The values, beliefs and philosophy for high quality teaching have been extensively explored since the previous ERO review. This includes the development of a curriculum designed to respond to student and whānau aspirations. The next step is to develop a cohesive implementation plan that includes clearly defined expected outcomes, related to the school vision, to assist leaders to evaluate the effectiveness of curriculum delivery.

Professional development to build the capabilities of leaders and teachers has been a significant focus for the school. The appraisal system has been aligned to the expectations outlined in the strategic plan. It is improvement-focused. Strengthening the cultural competencies for teachers of Māori learners and embedding throughout the school is a next step. Consistent application and monitoring of the process should help the school to achieve the desired changes for a successful school.

The school has a discussion-based internal review approach. Clearly articulating the success indicators the school wants to achieve from initiatives is a priority. This should support shared understanding and enable the implementation of a robust internal evaluation approach.

5 Going forward

How well placed is the school to achieve and sustain equitable and excellent outcomes for all children?

Leaders and teachers:

  • know the children whose learning and achievement need to be accelerated
  • have not yet developed approaches that effectively meet the needs of each child
  • have not yet ensured the school is well placed to achieve and sustain equitable and excellent outcomes for all children.

The school curriculum promotes success for many students. A range of approaches for targeting teaching and learning to promote acceleration for students below expectations is implemented. However, the school acknowledges that these approaches should be more cohesively aligned to improve outcomes for some students.

An evidence-based approach to systematic review, monitoring and implementation of processes is required. An important next step is to establish the intended effects of initiatives and strategies with measureable outcomes. This should assist the school to purposefully plan for improvement, based on information from internal evaluation that shows what works well and for who.

Action: The board, principal and teachers should participate in an internal evaluation workshop. They should use this workshop, ERO exemplars of good practice and the School Evaluation Indicators to address the findings of this evaluation and develop a Raising Achievement Plan that includes a significant focus on building teacher capability to accelerate learning and achievement.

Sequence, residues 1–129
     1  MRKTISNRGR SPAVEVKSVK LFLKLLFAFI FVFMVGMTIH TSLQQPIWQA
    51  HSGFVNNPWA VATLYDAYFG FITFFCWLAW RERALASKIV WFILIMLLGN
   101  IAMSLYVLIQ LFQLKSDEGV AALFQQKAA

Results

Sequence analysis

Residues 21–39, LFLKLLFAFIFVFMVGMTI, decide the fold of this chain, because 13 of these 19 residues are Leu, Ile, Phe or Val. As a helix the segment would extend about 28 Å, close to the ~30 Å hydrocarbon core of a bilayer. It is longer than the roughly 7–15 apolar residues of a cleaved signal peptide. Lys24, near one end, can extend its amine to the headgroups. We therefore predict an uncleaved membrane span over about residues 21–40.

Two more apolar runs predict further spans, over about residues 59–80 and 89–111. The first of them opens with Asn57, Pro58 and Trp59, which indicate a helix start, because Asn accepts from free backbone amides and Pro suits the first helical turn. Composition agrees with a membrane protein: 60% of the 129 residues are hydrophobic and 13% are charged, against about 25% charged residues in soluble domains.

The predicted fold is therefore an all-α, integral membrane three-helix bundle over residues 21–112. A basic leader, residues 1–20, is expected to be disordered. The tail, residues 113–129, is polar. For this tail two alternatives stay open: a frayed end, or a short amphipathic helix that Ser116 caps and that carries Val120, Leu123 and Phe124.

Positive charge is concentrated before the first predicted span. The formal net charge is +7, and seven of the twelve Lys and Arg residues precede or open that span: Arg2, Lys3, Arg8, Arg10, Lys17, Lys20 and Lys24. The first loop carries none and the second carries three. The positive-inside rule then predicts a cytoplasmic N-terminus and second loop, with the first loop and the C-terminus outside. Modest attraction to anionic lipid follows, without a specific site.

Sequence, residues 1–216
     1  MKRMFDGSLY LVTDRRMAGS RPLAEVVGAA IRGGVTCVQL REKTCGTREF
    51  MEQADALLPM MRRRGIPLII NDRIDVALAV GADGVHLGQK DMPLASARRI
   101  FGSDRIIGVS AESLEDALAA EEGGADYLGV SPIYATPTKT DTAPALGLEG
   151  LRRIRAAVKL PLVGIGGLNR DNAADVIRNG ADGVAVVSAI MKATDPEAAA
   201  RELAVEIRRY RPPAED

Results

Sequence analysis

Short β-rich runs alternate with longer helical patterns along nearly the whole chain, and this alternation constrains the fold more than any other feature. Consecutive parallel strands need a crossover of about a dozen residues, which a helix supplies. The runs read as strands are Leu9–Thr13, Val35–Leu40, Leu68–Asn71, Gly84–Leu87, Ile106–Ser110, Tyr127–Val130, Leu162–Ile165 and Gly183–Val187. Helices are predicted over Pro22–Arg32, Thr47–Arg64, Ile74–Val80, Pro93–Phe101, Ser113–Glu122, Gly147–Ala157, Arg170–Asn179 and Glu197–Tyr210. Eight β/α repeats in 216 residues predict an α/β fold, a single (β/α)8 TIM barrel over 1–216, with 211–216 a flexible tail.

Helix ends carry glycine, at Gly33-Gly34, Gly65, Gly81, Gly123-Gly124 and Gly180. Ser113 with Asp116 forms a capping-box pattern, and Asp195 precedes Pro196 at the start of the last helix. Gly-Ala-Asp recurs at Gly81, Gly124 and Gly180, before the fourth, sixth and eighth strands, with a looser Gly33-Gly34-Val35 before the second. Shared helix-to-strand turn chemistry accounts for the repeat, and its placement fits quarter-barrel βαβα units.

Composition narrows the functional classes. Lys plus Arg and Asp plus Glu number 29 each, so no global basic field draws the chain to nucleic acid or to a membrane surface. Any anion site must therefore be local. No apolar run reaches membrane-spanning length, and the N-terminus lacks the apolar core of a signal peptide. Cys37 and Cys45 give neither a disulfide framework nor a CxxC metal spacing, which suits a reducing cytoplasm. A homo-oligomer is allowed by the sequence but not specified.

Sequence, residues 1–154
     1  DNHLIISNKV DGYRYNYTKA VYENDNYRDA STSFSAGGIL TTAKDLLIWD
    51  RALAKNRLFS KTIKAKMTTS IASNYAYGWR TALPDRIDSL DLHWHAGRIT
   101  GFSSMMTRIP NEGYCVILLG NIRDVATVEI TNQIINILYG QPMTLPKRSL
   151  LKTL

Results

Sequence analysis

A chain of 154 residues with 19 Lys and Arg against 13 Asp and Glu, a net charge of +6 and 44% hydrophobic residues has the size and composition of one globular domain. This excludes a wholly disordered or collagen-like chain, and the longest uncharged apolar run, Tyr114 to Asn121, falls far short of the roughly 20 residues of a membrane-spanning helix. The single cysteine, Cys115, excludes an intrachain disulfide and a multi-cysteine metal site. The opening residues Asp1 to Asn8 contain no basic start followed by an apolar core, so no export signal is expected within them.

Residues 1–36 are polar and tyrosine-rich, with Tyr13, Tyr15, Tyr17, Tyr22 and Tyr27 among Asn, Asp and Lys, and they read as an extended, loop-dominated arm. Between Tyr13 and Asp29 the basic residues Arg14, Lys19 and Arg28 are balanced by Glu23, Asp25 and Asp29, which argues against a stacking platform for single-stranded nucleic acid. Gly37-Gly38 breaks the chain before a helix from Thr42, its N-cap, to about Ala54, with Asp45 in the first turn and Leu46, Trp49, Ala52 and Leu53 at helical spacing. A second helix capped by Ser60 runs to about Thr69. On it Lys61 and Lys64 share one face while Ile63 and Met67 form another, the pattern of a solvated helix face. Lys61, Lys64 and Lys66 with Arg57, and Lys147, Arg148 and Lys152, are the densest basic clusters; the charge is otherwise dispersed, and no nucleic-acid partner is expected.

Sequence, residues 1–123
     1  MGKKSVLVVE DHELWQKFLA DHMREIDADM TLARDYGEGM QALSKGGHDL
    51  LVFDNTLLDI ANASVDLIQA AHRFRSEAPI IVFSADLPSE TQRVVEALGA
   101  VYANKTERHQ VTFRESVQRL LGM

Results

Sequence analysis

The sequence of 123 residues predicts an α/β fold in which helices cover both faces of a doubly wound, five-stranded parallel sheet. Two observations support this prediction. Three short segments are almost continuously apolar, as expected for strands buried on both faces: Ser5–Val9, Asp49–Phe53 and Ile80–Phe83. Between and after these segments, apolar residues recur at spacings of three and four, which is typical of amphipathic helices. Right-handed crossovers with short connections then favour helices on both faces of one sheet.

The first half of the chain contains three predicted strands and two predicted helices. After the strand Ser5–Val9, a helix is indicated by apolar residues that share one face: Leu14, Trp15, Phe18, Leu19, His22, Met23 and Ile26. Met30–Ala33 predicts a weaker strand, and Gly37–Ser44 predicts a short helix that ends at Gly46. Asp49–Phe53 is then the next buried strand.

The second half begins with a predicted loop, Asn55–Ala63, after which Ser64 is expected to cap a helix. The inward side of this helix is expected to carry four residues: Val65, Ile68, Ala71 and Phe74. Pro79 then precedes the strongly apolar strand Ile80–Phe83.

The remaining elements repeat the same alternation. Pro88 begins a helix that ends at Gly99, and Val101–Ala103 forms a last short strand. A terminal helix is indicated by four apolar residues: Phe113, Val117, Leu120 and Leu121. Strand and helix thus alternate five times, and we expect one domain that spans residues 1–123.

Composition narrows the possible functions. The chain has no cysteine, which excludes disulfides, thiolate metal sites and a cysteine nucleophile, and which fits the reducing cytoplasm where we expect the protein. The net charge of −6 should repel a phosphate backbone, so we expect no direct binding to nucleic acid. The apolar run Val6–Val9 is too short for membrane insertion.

As part of this review ERO will continue to monitor the school’s Raising Achievement plan and the progress the school makes. ERO is likely to carry out the next full review in three years.

6 Board assurance on legal requirements

Before the review the board of trustees and principal of the school completed the ERO board assurance statement and Self Audit Checklists. In these documents they attested that they had taken all reasonable steps to meet their legislative obligations related to the following:

  • Board administration.

  • Curriculum.

  • Management of health, safety and welfare.

  • Personnel management.

  • Asset management. 

During the review, ERO checked the following items because they have a potentially high impact on student safety and wellbeing:

  • Emotional safety of students (including prevention of bullying and sexual harassment).

  • Physical safety of students.

  • Teacher registration.

  • Processes for appointing staff.

  • Stand down, suspensions, expulsions and exclusions.

  • Attendance.

  • Compliance with the provisions of the Vulnerable Children Act 2014.

  • Provision for international students.

  • Provision for students in school hostels.

7 Recommendation

ERO recommends that trustees, leaders and teachers use evidence-based internal evaluation to know about and increase the effectiveness of the school's curriculum in promoting equitable outcomes for all learners. 

Joyce Gebbie

Deputy Chief Review Officer Central

24 May 2016

About the school


Tawa, Wellington

Ministry of Education profile number


School type

Contributing (Years 1 to 6)

School roll


Number of international students


Gender composition

Male 52%, Female 48%

Ethnic composition




Other Pacific ethnicities

Other ethnicities






Review team on site

February 2016

Date of this report

24 May 2016

Most recent ERO report(s)

Education Review

Education Review

Education Review

July 2013

April 2010

February 2007